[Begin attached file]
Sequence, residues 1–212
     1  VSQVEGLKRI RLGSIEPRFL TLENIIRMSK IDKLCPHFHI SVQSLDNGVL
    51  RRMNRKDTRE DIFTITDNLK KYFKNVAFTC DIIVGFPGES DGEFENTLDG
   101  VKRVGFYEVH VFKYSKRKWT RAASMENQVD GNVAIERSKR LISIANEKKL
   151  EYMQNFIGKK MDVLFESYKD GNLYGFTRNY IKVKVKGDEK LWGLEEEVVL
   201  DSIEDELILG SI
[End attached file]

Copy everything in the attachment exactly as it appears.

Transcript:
Sequence, residues 1–212
     1  VSQVEGLKRI RLGSIEPRFL TLENIIRMSK IDKLCPHFHI SVQSLDNGVL
    51  RRMNRKDTRE DIFTITDNLK KYFKNVAFTC DIIVGFPGES DGEFENTLDG
   101  VKRVGFYEVH VFKYSKRKWT RAASMENQVD GNVAIERSKR LISIANEKKL
   151  EYMQNFIGKK MDVLFESYKD GNLYGFTRNY IKVKVKGDEK LWGLEEEVVL
   201  DSIEDELILG SI